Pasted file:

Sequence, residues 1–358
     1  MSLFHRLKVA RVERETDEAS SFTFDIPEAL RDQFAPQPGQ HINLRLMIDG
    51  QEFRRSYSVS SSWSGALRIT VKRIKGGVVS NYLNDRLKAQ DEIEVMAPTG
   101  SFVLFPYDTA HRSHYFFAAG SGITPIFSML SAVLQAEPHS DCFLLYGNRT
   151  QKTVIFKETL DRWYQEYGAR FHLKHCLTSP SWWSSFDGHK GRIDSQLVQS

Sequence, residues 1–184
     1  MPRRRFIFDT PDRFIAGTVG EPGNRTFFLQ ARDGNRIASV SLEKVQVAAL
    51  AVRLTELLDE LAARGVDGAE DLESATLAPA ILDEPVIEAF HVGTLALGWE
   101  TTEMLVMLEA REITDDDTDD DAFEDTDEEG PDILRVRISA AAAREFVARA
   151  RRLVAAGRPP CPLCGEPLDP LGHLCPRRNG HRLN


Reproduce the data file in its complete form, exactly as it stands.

Sequence, residues 1–358
     1  MSLFHRLKVA RVERETDEAS SFTFDIPEAL RDQFAPQPGQ HINLRLMIDG
    51  QEFRRSYSVS SSWSGALRIT VKRIKGGVVS NYLNDRLKAQ DEIEVMAPTG
   101  SFVLFPYDTA HRSHYFFAAG SGITPIFSML SAVLQAEPHS DCFLLYGNRT
   151  QKTVIFKETL DRWYQEYGAR FHLKHCLTSP SWWSSFDGHK GRIDSQLVQS

Sequence, residues 1–184
     1  MPRRRFIFDT PDRFIAGTVG EPGNRTFFLQ ARDGNRIASV SLEKVQVAAL
    51  AVRLTELLDE LAARGVDGAE DLESATLAPA ILDEPVIEAF HVGTLALGWE
   101  TTEMLVMLEA REITDDDTDD DAFEDTDEEG PDILRVRISA AAAREFVARA
   151  RRLVAAGRPP CPLCGEPLDP LGHLCPRRNG HRLN